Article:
While the Egyptian army faced a massive attack by Islamist militants in Northern Sinai Wednesday, the government decided to toughen laws aimed at fighting terrorism.
According to Minister of Parliamentary Affairs and Transitional Justice Ibrahim Al-Heneidy, Egypt's cabinet approved in a plenary meeting Wednesday a number of legislative amendments aimed at countering a new wave of terrorism.
Heneidy told parliamentary reporters that first and foremost a tougher anti-terrorism law would be introduced. "The final draft will be referred to President Abdel-Fattah El-Sisi to be officially ratified and implemented," said Heneidy. In the absence of a parliament, the 2014 Constitution gives to El-Sisi legislative powers.
The move comes after Egypt's prosecutor-general, Hisham Barakat, died following a bomb attack on his motorcade Monday. A number of terrorist attacks also hit the country Tuesday and Wednesday. Hundreds of militants affiliated with the Islamist jihadist group Ansar Beit Al-Magdis attacked several army checkpoints in Sinai Wednesday, leaving a record number dead.
Leaving Bakarat's military funeral Tuesday, El-Sisi vowed to amend laws within days to ensure "rapid justice" against militants.
Heneidy said the new 55-article anti-terrorism law was discussed intensely in a three-hour cabinet meeting Wednesday. "I think we are in a war against terrorism and this law comes as a new harsher measure aimed at stemming the tide of terrorist organisations," Heneidy said, adding that, "The new package of anti-terrorism measures are quite enough that there is no need at the moment for any extraordinary or emergency measures to stand up to terrorism."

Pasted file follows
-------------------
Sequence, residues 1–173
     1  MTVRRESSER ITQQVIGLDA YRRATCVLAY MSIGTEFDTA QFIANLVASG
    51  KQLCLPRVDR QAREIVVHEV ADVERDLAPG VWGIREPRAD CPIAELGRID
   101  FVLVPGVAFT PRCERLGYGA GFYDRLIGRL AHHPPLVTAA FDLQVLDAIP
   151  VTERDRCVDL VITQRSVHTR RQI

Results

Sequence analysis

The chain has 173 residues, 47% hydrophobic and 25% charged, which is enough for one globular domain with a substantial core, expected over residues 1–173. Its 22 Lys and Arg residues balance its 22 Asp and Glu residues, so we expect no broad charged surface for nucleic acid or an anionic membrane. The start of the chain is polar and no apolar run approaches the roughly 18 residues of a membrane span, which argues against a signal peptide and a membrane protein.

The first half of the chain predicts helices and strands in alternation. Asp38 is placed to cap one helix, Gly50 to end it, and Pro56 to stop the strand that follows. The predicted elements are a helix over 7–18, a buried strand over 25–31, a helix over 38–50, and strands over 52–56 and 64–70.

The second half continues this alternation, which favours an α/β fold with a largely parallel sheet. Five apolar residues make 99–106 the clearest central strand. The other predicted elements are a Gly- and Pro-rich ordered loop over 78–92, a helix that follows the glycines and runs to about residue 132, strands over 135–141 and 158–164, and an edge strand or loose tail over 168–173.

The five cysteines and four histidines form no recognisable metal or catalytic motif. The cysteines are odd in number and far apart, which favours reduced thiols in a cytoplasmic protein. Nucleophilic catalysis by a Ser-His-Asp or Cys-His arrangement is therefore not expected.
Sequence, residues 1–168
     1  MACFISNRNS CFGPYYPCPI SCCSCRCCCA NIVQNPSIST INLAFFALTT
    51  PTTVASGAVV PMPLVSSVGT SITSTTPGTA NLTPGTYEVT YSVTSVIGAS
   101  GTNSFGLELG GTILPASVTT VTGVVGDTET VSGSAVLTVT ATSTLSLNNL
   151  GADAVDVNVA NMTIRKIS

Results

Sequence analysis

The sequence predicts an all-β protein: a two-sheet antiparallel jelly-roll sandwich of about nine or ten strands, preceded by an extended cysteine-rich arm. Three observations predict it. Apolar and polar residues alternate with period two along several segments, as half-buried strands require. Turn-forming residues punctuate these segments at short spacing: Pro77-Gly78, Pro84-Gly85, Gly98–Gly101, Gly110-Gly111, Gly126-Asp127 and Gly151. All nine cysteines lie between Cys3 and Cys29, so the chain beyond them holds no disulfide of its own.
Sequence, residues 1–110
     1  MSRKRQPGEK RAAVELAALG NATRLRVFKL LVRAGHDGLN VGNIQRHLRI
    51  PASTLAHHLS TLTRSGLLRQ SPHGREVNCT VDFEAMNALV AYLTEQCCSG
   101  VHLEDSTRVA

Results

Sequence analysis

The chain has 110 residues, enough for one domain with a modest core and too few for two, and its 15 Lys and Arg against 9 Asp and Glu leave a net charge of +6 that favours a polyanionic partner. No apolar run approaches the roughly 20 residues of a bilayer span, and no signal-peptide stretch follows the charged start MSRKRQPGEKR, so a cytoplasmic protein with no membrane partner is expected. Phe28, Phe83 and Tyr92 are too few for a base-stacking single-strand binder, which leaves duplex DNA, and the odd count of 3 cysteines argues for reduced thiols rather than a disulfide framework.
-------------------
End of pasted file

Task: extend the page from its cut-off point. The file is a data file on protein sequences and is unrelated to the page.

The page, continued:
Heneidy said while the new anti-terrorism law will be sent to President El-Sisi, it will also be referred to the State Council and the Higher Council for Judges for revision in legal and constitutional terms.
Heneidy said the new law gives police officers and prosecutors added powers for clamping down on terrorists. "The penalties imposed on terrorists and terrorist activities will be also hardened, with most of them fluctuating between either a death sentence or a life term," said Heneidy.
Heneidy indicated that the new stricter penalties will also cover different forms of funding for terrorist activities. "Those convicted of funding terrorist activities or terrorist-labeled organisations, or directing terrorist operations, will face the death penalty or life in prison," Heneidy said in a thinly veiled reference to jailed Muslim Brotherhood leaders.
Heneidy also indicated the Criminal Procedures Law was amended to cut trials of militants and terrorists short. Heneidy said a convoluted appeals process means it can take years for a final verdict to be handed down.
"Under the current law, defendants are allowed to appeal verdicts twice, but under the amended draft, this process will be shortened to give defendants the right to appeal the verdict just one time," said Heneidy, indicating that "If an appeal by a defendant was accepted, he or she would face a retrial but before the Court of Cassation" – Egypt's highest judicial authority whose rulings are final and binding to all.
Heneidy also explained that the amendments establsh that appeals in terrorism cases will take priority. "I mean that the Court of Cassation will make sure that appeals submitted by defendants facing trial under the new terrorism law be reviewed and settled in a short time, not exceeding three months," said Heneidy.